The King’s Justice
Yorkshire, 1176. When a village blacksmith is viciously murdered, the lord of the manor intends to hang his suspect, an outlaw, despite the absence of witnesses and evidence. Aelred Barling, the meticulous clerk to the King’s Justice, is sent to investigate, assisted by a reluctant Hugo Stanton. Resenting the King’s men’s interference, the lord and villagers demand that the execution proceed. Hugo questions the outlaw’s guilt, but when he escapes, more murders follow. Then Stanton is unexpectedly attacked. Can they find the murderer before more die?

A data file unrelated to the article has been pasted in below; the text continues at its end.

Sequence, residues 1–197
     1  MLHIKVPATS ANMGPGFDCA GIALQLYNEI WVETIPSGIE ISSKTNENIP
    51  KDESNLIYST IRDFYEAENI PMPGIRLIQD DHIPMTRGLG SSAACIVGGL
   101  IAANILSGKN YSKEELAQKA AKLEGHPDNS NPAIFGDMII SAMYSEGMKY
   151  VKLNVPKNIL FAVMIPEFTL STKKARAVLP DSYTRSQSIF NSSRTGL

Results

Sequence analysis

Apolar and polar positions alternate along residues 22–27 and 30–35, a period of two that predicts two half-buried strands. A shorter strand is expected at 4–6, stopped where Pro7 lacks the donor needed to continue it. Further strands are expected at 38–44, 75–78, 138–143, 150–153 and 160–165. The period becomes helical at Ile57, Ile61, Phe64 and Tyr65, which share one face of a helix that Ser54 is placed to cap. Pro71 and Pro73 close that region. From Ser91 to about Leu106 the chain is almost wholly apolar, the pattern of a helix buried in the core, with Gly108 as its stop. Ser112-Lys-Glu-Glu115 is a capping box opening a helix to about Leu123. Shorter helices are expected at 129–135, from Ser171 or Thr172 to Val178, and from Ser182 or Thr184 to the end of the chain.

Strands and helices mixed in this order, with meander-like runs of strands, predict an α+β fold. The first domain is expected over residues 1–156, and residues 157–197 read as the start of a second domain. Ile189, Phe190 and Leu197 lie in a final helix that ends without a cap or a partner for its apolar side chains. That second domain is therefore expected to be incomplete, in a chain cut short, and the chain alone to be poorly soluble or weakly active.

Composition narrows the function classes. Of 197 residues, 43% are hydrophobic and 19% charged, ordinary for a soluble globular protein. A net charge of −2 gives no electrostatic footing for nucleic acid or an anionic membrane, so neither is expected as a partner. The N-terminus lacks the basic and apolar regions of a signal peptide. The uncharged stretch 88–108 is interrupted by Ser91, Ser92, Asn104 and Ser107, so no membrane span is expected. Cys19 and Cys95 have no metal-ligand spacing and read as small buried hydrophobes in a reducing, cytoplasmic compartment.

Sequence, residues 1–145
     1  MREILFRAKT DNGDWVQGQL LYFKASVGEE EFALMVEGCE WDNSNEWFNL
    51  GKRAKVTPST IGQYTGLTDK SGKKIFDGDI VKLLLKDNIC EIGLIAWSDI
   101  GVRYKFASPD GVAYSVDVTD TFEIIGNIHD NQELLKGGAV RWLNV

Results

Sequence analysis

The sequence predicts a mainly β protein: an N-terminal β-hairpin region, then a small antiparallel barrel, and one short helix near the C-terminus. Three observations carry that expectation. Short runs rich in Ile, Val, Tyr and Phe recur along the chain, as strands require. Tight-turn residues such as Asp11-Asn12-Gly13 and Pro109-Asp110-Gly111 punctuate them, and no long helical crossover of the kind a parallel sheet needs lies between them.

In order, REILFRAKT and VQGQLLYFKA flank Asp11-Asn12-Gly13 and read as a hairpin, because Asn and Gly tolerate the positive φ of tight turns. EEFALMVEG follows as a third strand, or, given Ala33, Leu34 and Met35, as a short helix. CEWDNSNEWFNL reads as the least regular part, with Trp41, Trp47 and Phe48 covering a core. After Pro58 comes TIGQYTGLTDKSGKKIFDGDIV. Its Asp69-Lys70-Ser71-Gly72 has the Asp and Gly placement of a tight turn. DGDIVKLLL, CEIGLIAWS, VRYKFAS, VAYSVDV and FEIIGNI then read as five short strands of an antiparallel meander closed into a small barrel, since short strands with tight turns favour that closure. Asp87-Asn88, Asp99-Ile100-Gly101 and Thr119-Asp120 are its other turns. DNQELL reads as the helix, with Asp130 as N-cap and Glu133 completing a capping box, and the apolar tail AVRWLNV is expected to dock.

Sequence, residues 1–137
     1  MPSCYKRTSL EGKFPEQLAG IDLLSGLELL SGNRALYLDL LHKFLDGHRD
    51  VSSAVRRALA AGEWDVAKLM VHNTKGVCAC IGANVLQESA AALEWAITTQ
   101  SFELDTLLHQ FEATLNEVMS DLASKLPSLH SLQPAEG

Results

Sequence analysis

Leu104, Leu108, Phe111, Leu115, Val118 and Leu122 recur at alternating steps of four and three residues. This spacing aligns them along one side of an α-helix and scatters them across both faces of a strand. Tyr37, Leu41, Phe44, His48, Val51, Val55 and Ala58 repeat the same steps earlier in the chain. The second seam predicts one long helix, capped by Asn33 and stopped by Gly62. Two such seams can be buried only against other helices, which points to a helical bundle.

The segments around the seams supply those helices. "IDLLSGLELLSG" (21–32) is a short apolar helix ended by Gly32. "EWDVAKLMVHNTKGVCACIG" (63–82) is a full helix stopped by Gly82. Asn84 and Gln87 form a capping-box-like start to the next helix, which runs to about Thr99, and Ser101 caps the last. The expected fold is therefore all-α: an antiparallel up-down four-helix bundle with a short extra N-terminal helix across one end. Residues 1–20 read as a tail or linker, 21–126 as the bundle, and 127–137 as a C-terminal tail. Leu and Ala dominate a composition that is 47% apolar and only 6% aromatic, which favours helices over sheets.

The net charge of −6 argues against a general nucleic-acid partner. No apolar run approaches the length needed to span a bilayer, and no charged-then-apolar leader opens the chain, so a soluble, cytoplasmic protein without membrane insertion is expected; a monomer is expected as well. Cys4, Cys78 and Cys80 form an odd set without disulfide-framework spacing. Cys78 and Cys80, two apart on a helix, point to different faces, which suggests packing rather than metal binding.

It takes time to warm to Barling, whose reserve and pride in Henry II’s judicial reforms are necessary to oppose the lord’s illegal claim to rough justice and to rein in Stanton’s impetuous methods. While the picture of medieval daily village life is well drawn, the cottagers remain stereotypes. However, these are minor problems. Cleverly plotted, the action is fast-paced and full of twists and turns, surprises, and suspense. The identity of the murderer remains a mystery up to the exciting end.
This is the first in a series. We are given tantalising hints of Stanton’s tragic past, and Barling is a character I look forward to learning more about. Highly recommended.